Laying a strong foundation of strategy work is an essential part of the roadmap to achieve any organizational goals, including talent management, DEI, and engagement goals. Solid strategy preparation helps you set the stage for successful execution so that your organization can reap the long-term benefits of investing in your talent. To build an effective strategy plan, our team at Orange Grove recommends using the following roadmap:
Understanding Organizational Objectives and Goals
Before beginning strategy work, you’ll want to first understand your organization’s overall current objectives. These are the goals your leaders have set to achieve – and whether indirectly or directly, your strategy should ultimately support those goals. Knowing what your leadership and organization are working towards will help you create a strategy that supports and benefits those organizational objectives.
Defining or Redefining Organizational Values
Do you have organizational values? If not, it’s time to explicitly define values for your organization, and if you have values in place, then take time to review them in the context of the strategy you will create. This is so that your overarching organizational mission and values feeds into your strategy initiative.
When you are creating an inclusion strategy, we recommend integrating your DEI values into your existing organizational mission and vision, rather than creating a separate set of DEI values. For example, a common value that companies hold is transparency. To put the value of transparency in a DEI lens, your company could share what’s happening in your talent process with different demographic groups, and address the differential treatment to ensure that your talent processes are more objective and fair.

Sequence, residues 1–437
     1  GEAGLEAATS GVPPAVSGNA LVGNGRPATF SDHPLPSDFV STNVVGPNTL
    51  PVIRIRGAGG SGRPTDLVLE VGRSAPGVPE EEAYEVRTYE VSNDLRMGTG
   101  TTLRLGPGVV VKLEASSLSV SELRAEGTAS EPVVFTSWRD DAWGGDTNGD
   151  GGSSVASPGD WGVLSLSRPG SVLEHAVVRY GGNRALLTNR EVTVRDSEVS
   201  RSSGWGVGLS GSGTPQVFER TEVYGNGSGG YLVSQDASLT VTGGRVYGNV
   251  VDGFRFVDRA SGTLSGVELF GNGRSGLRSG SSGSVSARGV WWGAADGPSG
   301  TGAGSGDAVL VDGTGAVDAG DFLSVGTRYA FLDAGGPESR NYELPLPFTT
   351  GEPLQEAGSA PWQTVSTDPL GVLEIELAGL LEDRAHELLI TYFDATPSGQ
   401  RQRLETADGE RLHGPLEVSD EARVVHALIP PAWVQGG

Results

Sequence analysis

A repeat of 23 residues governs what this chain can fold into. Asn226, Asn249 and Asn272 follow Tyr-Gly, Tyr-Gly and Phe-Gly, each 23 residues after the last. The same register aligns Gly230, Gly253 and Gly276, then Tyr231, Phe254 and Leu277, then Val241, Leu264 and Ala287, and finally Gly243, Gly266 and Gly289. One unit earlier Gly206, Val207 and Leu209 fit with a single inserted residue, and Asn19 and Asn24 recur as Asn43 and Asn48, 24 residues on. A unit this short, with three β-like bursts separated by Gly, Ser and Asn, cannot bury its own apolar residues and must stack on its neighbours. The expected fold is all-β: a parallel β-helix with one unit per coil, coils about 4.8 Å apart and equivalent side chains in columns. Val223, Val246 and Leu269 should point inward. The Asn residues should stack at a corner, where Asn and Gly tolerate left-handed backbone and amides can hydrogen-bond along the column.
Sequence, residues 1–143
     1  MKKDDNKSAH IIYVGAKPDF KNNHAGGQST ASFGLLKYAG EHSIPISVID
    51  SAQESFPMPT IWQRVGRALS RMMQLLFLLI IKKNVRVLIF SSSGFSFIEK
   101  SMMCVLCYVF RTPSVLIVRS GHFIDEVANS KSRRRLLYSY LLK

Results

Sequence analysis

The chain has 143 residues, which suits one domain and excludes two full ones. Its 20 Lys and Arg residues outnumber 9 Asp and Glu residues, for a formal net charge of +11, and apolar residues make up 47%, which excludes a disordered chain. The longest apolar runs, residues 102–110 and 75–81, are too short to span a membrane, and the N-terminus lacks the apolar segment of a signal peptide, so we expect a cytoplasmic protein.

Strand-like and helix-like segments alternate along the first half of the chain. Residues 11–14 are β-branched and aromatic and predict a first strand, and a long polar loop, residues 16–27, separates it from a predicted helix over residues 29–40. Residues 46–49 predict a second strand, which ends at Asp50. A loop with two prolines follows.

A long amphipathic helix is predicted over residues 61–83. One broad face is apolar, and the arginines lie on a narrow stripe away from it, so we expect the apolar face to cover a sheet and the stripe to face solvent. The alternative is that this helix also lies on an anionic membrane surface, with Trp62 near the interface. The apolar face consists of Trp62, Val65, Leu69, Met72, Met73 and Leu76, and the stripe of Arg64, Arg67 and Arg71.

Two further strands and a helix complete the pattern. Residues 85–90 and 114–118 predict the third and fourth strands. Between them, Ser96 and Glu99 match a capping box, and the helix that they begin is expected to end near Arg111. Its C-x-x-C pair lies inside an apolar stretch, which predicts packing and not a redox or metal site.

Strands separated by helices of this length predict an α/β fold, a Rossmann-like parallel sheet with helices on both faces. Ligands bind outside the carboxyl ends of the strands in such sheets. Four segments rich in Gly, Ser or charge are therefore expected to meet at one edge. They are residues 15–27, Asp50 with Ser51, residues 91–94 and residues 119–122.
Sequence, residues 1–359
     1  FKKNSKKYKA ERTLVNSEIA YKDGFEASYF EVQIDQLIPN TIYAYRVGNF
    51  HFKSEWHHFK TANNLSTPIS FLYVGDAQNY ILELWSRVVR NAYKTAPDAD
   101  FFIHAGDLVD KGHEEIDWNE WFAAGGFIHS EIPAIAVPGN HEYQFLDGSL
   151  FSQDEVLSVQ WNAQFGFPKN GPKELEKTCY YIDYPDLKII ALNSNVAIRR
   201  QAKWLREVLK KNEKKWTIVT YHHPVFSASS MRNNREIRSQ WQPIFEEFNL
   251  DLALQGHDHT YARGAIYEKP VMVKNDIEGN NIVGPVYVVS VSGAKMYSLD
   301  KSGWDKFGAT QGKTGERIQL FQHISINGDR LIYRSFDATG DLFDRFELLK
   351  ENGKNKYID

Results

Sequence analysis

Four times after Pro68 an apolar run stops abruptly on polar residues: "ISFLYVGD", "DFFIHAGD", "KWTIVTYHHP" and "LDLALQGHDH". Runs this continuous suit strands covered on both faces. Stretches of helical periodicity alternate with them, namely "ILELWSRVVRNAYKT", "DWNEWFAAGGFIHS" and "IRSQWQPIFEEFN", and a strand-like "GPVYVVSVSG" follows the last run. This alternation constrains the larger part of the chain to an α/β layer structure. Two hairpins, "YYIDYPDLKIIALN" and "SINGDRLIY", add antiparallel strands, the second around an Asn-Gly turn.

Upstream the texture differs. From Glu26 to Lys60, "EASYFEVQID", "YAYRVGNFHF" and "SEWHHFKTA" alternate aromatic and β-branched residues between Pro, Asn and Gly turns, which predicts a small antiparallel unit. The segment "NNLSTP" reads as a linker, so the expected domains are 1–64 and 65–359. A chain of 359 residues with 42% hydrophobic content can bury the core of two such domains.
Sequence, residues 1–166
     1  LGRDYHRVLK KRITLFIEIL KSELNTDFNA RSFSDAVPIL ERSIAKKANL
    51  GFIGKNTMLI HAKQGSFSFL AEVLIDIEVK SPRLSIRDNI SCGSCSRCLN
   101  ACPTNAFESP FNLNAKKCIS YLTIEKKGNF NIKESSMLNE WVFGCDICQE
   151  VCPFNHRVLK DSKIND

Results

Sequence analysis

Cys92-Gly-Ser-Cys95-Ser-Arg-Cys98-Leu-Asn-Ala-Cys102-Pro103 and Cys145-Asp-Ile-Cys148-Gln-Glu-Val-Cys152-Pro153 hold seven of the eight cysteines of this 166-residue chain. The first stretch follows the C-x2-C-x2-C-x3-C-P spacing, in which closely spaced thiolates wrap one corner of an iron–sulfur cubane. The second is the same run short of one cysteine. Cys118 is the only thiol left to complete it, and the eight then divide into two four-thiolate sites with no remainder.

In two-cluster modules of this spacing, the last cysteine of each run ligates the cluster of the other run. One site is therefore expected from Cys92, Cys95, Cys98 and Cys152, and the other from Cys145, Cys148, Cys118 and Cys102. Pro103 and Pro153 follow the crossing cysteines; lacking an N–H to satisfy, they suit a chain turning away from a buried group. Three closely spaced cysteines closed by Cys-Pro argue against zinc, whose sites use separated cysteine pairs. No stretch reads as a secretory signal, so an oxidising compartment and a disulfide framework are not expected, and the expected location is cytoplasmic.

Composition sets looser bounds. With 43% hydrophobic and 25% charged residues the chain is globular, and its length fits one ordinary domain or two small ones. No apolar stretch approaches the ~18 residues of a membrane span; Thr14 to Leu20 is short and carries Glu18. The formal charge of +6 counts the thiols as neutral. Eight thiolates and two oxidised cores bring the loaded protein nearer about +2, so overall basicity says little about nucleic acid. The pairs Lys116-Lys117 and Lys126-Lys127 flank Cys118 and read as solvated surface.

Understanding Your Organization’s Current State
Understanding your organization’s current state is a foundational step that asks you to gather factual and objective information to ensure that your strategy work is precise and targeted. Data collection is essential to understanding the gap between how you’re doing and where you’d like to be. In this stage, you’ll collect both quantitative and qualitative data, through a range of potential activities: conducting observations, collecting survey responses, analyzing quantifiable data such as from your HRIS, and hosting interviews & focus groups. Data will both dispel any assumptions in your organization as well as shed light on areas that may require more attention.
Establish a Strategy Committee
You’ll need a team of key stakeholders to help you plan and execute your strategy. That’s where establishing a strategy committee comes in – the committee will be the bridge between your organization’s management and employees. Having influential figures on the committee will help you implement strategy work more effectively as well as ensure that there’s a diverse range of voices heard during the process. It’s important that there are people on the committee that have decision-making powers because without them, it can be difficult to get buy-in across the organization at the implementation stage if the strategy committee team members are too junior. Having operational and institutional expertise is an essential part of the power dynamic when selecting team members on a committee.
It’s important to remember that successful strategy work is an ongoing process. Aligning and implementing your organizational goal requires continuous effort, so you’ll want to regularly monitor your progress and update your strategy if needed. By determining organizational objectives to align with, understanding your current state through data, and establishing a strategy committee, your organization will be well on the way to successful strategy creation.